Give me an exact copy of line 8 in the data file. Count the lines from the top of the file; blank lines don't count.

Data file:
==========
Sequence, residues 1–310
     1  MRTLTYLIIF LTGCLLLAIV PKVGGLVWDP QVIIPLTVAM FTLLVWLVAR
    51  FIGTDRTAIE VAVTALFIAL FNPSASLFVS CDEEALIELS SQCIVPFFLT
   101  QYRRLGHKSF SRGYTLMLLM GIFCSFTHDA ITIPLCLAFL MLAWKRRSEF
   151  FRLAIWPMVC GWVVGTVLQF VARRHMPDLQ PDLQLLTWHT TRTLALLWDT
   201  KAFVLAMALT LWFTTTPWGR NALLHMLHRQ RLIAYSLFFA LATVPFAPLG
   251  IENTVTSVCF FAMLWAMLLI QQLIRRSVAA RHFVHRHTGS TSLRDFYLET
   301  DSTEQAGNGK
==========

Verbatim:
   301  DSTEQAGNGK